The St Helens Local Plan has been approved – despite being rejected by opposition councillors.
After securing endorsement from the Labour cabinet last week, the ‘submission draft’ version of the St Helens Local Plan: 2020-2035 went before full council last night (Wednesday).
While the proposed submission draft of the Local Plan received total support from Labour colleagues, all opposition councillors voted against the plan.
Rainford councillor and St Helens Conservative leader Allan Jones raised concerns regarding land south of Higher Lane and East of Rookery Lane in Rainford, which is earmarked for up to 259 homes.
He said the extra cars that would come with these homes would cause “traffic chaos”.
Coun Jones also opposed the inclusion of agricultural land to the West of Sandwash Close in Rainford.
The Conservative leader said the farmer who grows crops on the land has told him he would need to look for an alternative site if the land was developed, which would put his business at risk.
Coun Jones said: “This could make the whole operation uneconomical and they would have to close, with a loss of 98 jobs.”
“The Local Plan is supposed to promote industry and create jobs, not destroy them, and will do in Rainford.”
The Local Plan has gone through numerous changes since the ‘preferred options’ version was shown to the public in 2016.
In the previous version, the council allocated land to accommodate 570 housing units in the borough per annum.
The new plan proposes delivery of 486 per annum, which takes into account increased housing need due to employment growth.
Since then, two new brownfield sites, land at the Cowley Works near the town centre and the former Suttons distribution centre in Thatto Heath, have been brought forward for housing development, reducing the need for green belt release.
Currently, 65 per cent of the borough is in the green belt. The preferred options plan set out intentions to cut this to 56 per cent.
Other green belt sites that were previously earmarked for housing have also been ‘safeguarded’, which means they cannot be developed over the next 15 years.
These include the Eccleston Park Golf Club site and land south of A580 between Houghtons Lane and Crantock Grove in Windle, both of which were previously earmarked for housing.
Coun James Tasker, independent councillor for Rainhill, said safeguarded land was “nonsense” and should not be included in the plan.
He also said the plan was an “insult to the people of Rainhill and St Helens”.
Coun Tasker then took aim at Labour councillors, resulting in loud gasps throughout the council chamber.
Coun Tasker said: “One thing I have noticed about leaders past and present, as well as many ordinary councillors, is you’re constantly crying and worrying about what the Tory government will do.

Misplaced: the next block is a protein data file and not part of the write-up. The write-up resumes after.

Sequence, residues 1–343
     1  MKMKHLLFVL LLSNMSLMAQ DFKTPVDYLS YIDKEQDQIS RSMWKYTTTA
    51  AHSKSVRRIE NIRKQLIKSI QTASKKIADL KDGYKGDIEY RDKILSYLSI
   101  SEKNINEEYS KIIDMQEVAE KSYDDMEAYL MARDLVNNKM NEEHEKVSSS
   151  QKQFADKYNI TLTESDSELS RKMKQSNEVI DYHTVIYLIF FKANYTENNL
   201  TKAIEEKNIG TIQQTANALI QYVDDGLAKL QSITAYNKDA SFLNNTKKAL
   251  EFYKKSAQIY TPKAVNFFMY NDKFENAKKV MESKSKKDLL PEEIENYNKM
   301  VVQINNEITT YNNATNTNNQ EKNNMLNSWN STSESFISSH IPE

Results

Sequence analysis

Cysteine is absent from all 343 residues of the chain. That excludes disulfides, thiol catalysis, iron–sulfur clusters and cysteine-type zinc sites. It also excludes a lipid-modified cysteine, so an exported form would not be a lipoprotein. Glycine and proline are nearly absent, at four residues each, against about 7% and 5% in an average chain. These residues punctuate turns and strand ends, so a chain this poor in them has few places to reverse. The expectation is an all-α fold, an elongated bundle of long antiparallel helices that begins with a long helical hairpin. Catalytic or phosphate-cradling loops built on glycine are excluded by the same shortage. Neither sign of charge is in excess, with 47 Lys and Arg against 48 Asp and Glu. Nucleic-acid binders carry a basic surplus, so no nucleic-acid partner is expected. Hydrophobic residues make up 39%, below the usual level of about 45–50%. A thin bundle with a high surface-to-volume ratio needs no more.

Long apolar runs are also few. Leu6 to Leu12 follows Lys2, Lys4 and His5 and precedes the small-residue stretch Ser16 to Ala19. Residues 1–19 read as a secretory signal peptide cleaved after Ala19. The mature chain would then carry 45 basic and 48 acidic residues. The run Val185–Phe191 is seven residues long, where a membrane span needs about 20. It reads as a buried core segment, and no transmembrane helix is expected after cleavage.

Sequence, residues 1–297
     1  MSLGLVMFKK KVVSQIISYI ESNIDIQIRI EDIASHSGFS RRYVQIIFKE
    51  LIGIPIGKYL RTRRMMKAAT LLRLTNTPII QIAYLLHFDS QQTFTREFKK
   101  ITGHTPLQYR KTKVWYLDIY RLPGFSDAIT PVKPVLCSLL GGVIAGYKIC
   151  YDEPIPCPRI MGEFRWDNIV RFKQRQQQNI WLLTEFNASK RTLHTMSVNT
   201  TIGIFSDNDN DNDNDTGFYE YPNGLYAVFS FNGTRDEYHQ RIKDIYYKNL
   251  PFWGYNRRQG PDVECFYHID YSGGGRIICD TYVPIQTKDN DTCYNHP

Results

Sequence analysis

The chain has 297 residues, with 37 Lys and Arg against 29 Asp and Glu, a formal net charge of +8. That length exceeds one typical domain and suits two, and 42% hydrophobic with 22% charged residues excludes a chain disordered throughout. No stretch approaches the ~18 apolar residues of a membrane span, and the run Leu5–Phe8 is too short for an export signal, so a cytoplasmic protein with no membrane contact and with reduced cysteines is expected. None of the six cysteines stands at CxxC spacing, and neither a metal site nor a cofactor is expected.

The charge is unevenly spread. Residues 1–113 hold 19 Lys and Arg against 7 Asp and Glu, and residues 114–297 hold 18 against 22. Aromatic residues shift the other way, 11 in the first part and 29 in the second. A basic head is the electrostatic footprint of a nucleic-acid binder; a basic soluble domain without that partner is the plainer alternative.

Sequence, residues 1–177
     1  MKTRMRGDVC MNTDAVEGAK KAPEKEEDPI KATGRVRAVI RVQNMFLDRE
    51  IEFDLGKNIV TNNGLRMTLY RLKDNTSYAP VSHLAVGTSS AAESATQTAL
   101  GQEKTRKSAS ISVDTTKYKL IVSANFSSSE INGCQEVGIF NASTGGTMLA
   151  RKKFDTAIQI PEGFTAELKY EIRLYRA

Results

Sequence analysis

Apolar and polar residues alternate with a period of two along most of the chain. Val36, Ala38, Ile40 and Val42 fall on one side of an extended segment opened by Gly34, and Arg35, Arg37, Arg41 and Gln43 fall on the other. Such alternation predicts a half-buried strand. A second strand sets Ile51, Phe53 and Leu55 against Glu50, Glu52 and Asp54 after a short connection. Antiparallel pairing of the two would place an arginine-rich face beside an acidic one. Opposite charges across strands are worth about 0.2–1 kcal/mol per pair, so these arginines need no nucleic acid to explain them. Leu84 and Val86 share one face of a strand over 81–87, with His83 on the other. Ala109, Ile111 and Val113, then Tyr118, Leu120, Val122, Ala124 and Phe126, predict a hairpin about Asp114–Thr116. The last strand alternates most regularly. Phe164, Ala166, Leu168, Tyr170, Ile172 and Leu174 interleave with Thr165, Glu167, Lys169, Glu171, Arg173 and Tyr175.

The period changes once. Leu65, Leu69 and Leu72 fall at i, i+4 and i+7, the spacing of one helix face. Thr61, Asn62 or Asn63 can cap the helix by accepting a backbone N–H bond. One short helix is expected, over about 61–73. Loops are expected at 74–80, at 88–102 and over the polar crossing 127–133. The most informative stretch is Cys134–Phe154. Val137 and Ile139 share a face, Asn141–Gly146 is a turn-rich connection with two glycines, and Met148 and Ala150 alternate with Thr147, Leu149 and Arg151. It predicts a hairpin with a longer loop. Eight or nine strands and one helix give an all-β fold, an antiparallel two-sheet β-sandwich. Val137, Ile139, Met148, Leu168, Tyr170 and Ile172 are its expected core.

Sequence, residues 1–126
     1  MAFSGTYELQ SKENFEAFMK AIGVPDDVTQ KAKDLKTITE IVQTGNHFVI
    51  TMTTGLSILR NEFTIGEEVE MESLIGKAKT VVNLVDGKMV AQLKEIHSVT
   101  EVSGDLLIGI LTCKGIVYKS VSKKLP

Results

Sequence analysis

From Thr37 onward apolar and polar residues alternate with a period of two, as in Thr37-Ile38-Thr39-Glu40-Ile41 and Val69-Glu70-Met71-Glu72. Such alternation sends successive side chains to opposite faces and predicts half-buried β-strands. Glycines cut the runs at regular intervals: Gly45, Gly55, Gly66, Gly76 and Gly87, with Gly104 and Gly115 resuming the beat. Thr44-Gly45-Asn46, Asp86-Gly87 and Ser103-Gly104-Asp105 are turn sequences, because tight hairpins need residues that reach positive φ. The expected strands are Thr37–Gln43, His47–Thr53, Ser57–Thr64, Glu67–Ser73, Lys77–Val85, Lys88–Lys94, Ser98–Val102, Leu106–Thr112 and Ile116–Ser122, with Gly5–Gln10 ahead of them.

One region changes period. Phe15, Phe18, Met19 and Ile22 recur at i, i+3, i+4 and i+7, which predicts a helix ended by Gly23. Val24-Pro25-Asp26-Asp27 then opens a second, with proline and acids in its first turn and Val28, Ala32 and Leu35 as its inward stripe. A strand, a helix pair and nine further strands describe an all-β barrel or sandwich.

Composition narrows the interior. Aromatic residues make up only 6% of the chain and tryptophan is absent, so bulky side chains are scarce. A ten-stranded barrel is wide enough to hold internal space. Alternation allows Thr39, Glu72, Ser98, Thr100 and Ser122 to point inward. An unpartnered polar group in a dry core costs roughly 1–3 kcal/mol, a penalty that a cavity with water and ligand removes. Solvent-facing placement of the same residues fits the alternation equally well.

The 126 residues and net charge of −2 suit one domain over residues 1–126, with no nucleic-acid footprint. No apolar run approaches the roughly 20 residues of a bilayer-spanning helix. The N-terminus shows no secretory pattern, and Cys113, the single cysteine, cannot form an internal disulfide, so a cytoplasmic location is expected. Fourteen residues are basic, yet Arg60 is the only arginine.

“And constantly worried about what the developers will do if you don’t listen to them.
“I’ve never heard one Labour councillor ever turn round and say they are worried about the people of St Helens if they don’t listen to them.”
Liberal Democrat councillors also declared they could not support the current version of the Local Plan.
Eccleston and Lib Dem councillor Michael Haw said no green belt land should be developed until every brownfield site is identified and built upon.
Deputy council leader Andy Bowden, cabinet member for balanced development, housing and economic opportunity, said the council were “committed to its brownfield-first policy”.
Coun Bowden said: “Accepting this plan does not mean we will stop pro-actively looking to deliver on more sites.
“Indeed, I believe we will try even harder. That’s what we want to do, we want to regenerate those sites.”
Thatto Heath Labour councillor Richard McCauley said the plan was “not perfect” but said it will allow the council to fight harder for the things the community needs such as housing and jobs.
Haydock Labour councillor Martin Bond said he would support the plan, although he did have some concerns regarding infrastructure, which he said was “critical”.
Concluding, oun Bowden said: “This plan is a balanced plan for our future
“It will deliver on this council’s commitment to growth and opportunity for our communities, and I ask you to support it.”
The Local Plan was approved following a named vote.
An eight-week publication period will begin in January to allow the public to view the plan and submit representations to the council.
The plan will then be submitted to an independent planning inspector in the summer, with the council aiming to adopt the Local Plan in 2020.